As I do not do as much in act 1, I did not get many notes tonight. They only main thing was a major change was made to some of my blocking in the final 5 minutes of the act. Nothing big there.


Now comes the more symbolic and sentimental part of the post. For those not into such, feel free to bail now. For those that are just too curious, read on.

I have been performing at the Old Opera House on a consistent basis for over three years now. It was the first non-college theatre experience I had ever had. That first show was the Crucible, back in October of 2003.

My life was quite different then, and you must take that into account before reading further. Though this is not the place for autobiographical catharsis and the like, I will say in short I was overall less happy about many things in my life than I am today. All sorts of chaos was going on around me when I joined the cast of The Crucible. (I had not even auditioned for the part...through connections I was told that a replacement was needed, and I volunteered.)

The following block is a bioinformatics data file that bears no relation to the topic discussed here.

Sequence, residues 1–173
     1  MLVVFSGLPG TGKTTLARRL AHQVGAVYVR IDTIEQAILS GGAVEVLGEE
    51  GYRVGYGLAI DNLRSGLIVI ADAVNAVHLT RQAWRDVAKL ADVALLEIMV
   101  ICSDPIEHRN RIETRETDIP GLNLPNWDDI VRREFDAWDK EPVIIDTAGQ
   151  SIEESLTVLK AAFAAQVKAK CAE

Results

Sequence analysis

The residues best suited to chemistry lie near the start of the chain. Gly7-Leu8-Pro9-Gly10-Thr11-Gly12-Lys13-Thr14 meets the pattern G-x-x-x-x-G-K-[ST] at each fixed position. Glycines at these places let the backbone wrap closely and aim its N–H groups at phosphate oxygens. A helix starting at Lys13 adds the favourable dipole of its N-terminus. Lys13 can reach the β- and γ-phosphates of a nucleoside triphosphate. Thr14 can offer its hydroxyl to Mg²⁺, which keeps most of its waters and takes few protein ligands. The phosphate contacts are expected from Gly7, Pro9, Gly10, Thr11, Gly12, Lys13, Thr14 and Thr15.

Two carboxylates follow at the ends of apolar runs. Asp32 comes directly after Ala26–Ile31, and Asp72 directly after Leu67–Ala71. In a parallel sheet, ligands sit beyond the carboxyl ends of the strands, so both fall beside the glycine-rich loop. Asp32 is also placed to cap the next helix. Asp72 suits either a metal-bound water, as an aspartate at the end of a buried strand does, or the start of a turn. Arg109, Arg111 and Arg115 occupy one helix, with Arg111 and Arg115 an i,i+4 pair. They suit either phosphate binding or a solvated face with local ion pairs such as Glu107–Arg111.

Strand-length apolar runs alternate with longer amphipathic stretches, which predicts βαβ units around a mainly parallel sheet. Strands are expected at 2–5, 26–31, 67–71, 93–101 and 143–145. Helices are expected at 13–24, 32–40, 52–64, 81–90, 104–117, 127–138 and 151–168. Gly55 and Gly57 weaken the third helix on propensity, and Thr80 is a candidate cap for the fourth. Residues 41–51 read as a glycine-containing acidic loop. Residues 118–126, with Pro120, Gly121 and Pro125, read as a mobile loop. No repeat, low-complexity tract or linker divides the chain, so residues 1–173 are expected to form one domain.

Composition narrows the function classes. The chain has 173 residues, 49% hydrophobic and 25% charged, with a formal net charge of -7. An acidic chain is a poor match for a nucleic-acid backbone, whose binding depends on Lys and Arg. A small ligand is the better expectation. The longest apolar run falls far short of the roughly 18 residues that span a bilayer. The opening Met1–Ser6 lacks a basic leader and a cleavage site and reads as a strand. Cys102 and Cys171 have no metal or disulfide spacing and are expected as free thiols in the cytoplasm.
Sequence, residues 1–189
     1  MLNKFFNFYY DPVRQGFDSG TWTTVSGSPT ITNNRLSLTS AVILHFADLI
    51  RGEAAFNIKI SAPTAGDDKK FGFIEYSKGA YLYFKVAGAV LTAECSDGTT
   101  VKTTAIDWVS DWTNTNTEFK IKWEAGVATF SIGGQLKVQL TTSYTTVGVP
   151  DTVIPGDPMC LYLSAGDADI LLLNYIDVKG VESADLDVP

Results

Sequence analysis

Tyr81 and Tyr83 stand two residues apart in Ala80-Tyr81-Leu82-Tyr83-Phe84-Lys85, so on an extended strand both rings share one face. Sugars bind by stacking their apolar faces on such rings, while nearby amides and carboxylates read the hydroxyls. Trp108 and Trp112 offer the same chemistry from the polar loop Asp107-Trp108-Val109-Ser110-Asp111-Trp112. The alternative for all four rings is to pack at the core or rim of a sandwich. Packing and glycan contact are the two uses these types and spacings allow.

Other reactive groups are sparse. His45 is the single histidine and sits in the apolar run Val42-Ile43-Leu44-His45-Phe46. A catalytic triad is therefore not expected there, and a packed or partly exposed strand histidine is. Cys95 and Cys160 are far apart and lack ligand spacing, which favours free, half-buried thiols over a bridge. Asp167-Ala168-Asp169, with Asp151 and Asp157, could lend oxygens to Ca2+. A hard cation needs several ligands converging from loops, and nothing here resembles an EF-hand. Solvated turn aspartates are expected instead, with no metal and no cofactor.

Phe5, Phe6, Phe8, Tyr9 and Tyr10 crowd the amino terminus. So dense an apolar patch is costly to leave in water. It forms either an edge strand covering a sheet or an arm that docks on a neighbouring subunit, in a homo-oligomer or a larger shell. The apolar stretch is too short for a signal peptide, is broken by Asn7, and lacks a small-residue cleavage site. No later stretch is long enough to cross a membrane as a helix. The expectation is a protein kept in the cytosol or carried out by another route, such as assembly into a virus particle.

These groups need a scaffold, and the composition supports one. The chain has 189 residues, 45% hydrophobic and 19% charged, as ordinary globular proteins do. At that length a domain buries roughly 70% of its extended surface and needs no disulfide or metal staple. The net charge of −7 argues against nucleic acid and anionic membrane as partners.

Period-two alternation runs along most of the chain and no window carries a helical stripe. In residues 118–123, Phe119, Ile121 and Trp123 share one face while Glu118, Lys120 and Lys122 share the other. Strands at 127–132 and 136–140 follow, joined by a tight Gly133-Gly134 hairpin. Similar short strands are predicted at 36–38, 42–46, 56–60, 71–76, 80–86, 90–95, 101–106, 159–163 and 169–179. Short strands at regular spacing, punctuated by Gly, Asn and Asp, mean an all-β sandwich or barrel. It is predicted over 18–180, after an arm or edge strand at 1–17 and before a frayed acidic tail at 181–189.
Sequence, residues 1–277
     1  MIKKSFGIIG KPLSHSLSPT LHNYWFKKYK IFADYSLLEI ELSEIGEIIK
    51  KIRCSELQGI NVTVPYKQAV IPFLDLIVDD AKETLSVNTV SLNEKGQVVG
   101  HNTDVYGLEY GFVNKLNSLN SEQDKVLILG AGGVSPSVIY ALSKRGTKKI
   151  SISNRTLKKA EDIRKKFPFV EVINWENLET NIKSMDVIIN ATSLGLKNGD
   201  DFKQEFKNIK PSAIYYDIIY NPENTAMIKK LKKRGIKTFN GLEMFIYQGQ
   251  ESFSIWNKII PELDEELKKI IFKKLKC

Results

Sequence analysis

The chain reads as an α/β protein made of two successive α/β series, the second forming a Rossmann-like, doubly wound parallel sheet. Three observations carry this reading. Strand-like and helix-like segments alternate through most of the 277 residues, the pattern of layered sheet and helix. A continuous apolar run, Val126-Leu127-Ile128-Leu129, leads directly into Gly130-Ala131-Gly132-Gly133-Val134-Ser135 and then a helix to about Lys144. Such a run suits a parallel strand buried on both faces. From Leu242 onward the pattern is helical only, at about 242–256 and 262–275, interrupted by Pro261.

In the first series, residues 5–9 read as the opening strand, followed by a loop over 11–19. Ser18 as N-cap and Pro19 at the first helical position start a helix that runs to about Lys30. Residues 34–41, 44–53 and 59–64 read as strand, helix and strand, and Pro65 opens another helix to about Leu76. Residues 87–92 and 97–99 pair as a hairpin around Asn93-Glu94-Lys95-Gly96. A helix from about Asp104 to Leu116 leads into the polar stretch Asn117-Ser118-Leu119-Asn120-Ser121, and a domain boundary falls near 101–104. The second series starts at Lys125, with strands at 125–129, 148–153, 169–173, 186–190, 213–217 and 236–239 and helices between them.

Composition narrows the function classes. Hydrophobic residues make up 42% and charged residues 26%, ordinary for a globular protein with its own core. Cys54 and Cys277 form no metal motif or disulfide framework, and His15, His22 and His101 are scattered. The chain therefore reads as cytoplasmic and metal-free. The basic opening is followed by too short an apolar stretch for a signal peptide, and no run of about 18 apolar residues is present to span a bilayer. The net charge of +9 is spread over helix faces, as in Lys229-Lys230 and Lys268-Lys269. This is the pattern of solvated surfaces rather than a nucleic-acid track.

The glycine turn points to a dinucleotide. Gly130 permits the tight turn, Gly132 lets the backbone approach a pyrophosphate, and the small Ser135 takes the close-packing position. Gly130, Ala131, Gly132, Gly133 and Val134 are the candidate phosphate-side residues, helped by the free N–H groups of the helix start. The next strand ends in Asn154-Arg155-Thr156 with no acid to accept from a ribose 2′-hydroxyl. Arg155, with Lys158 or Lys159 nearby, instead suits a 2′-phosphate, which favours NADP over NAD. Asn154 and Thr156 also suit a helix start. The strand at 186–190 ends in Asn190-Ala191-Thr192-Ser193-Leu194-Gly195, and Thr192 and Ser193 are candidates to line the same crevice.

From the beginning, the show, the people, and the whole experience was of great significance to me, given my state of affairs at the time. Who can say why certain people are moved by certain theatrical experiences when others are not? I only know that being in that show, at that time, with those people had a profound impact on me. So much so in fact that on the opening night of that show I sat up in the dressing room pondering. I noted a stack of scrap papers attached to an old clipboard in a box of forgotten props behind me. I took out a pen, and wrote a short letter, to any random person in the future who may find said letter. It was about how I felt to be in the show, and what it meant to me. I then signed it, dated it, and stuck it in the middle of the stack of papers.